In a bid to get more healthy we recently invested in a juicer. I now start every day with a healthy mean green as featured in the film ‘Fat, Sick and Nearly Dead’. It looks pretty grim but I assure you it’s delicious. It contains
4 celery sticks
A small amount of ginger
A small bunch of kale
Half a lemon
I sometimes add a carrot for good measure.
The kids are not so keen on this one but they love the fruity ones.
For Hungry Caterpillar Day we tried an experimental Hungry Caterpillar Juice. No Caterpillar’s were harmed I assure you. Head across to Really Kid Friendly to see my Guest Post on how we made it.
Try some, it’s delicious and would be great for a Hungry Caterpillar themed party.
As parents we are keen to get our children the latest educational toy, send them to the best nurseries and pre-schools and give them the best preparation for school that they can. A research study conducted by the University of Bristol released today suggests that diet at the age of 3 may have an effect on how intelligent our children are at the age of 8.
The study bases its findings on participants in the Avon Longitudinal Study of Parents and Children (ALSPAC) which tracks 14,000 children born between 1991 and 1992. It suggests that a diet of predominantly processed, high fat and sugary foods up to the age of 3 may lower IQ at the age of 8.5. In contrast A diet rich in vitamins and nutrients may do the opposite. Parents were asked to complete diaries outlining the food and drinks their children consumed at age 3, 4, 7 and 8.5. IQ was measured at the age of 8.5. After taking other influential factors into account it was found that children with a predominantly processed diet at the age of 3 were associated with a lower IQ at the age of 8.5, irrespective of whether their diet had improved by that age. Similarly children with a healthy diet at age 3 were associated with higher IQ’s at the age of 8.5. Diet at the ages of 4 and 7 had no impact on IQ. Though the findings are modest, the results are in line with previous research which shows that quality of diet at the age of 3 is related to school performance and behaviour. A possible explanation is that the brain grows at its fastest in the first 3 years of life, therefore good nutrition may lead to optimal brain growth.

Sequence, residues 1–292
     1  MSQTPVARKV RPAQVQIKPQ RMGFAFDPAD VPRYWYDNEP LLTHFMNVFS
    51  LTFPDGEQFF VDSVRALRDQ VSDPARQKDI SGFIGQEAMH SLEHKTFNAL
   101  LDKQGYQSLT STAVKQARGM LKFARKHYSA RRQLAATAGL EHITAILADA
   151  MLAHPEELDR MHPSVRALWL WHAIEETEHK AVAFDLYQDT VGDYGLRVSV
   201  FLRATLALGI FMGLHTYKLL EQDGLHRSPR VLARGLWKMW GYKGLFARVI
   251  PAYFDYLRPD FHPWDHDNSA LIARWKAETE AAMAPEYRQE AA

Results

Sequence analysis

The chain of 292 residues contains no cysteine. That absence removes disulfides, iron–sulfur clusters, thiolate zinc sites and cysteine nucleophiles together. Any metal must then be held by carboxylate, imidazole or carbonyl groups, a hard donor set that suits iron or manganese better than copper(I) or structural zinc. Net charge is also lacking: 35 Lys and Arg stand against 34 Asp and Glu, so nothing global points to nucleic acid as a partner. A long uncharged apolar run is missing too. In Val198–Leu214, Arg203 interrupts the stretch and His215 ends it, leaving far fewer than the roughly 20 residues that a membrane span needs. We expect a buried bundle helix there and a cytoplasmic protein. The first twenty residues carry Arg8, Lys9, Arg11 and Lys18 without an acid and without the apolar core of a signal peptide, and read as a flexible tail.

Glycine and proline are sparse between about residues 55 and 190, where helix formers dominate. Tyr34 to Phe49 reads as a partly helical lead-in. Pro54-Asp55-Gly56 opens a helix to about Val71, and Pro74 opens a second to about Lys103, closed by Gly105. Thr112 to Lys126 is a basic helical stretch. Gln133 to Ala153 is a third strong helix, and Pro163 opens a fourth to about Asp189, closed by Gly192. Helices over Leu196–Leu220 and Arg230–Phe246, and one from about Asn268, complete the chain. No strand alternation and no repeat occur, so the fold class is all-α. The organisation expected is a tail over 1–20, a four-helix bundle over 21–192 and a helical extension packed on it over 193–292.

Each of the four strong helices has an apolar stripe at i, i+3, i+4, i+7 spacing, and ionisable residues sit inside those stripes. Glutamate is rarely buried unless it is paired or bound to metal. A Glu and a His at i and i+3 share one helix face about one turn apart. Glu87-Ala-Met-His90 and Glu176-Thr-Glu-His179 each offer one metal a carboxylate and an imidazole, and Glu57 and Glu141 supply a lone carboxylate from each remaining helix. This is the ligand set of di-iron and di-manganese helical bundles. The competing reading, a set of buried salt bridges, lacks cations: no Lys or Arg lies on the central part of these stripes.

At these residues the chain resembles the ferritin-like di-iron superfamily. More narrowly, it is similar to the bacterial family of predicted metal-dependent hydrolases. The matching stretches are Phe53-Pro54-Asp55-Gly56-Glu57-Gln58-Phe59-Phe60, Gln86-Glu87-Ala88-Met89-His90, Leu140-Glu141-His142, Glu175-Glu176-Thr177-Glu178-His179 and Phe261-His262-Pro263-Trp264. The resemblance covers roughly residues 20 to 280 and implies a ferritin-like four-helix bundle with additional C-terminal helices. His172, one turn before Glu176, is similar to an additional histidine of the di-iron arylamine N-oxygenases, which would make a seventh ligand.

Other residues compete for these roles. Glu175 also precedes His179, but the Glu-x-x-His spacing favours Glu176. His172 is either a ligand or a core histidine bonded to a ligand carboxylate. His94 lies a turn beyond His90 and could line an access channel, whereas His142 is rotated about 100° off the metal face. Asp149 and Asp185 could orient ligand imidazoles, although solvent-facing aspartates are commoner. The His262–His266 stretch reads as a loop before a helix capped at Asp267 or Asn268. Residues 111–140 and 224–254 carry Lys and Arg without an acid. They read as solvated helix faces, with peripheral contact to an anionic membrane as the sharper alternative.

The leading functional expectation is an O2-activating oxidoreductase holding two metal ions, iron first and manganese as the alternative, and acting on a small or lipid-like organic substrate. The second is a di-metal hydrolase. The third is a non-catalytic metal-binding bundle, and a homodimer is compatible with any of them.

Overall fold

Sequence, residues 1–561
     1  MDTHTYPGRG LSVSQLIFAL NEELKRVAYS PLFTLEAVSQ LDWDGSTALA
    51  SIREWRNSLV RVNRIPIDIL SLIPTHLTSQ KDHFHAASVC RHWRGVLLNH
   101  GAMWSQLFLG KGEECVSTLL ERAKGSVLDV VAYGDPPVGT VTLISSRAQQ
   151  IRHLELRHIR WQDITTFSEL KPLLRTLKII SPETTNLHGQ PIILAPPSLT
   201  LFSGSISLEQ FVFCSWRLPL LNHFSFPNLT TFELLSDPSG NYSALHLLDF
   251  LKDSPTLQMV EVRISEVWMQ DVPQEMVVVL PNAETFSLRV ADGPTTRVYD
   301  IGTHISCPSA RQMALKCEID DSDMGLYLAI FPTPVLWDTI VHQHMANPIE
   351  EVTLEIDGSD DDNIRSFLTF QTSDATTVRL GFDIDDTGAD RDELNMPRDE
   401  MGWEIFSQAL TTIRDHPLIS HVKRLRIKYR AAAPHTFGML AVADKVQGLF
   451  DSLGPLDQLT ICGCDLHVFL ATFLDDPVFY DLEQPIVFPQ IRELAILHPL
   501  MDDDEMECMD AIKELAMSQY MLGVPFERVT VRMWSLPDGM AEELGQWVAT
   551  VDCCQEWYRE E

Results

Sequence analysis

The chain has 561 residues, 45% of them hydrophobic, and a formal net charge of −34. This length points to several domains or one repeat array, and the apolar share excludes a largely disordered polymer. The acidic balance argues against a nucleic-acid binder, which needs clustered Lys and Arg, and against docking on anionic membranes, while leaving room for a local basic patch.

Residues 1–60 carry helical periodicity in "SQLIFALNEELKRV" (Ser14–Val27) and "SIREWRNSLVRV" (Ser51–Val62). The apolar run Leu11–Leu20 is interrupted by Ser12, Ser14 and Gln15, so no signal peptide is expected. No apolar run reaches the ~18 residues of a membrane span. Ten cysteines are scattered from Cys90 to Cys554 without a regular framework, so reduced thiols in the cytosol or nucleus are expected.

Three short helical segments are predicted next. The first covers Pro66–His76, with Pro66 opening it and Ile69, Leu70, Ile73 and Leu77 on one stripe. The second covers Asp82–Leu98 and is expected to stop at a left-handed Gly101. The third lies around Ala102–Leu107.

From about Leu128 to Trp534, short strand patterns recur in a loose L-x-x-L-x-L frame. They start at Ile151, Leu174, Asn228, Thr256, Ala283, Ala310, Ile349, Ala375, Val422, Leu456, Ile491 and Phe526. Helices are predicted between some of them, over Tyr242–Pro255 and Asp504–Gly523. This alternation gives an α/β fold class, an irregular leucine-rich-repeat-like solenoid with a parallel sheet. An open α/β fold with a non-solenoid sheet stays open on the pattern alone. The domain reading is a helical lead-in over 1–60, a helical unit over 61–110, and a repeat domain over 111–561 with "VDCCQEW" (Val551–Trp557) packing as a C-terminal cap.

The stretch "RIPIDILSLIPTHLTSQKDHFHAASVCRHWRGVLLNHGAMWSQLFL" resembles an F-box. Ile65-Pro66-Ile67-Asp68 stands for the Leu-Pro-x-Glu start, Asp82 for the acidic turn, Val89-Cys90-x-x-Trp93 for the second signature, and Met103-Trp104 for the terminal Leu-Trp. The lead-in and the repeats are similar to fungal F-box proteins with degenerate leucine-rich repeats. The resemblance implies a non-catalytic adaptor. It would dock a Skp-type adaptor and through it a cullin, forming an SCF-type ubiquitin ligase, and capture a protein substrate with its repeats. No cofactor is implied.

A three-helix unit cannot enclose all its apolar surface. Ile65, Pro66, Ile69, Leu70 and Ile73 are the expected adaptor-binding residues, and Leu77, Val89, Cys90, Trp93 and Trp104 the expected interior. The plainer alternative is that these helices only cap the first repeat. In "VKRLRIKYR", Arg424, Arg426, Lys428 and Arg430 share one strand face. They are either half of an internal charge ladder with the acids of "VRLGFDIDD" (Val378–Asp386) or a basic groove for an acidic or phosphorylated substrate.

So much marketing is aimed at parents and children, making parents feel guilty that they are not buying the child the latest ‘educational’ toy or taking them to classes to improve their language and social skills. So why not use this as an opportunity to market nutritious food for the youngest children as brain food. Three years isn’t that long a time to limit processed foods and it sets children up with good habits for life. So maybe next time my 2 year old is nagging for a biscuit or sweet I’ll suggest a healthy alternative – ‘ Have some special magic food , it will make you clever’.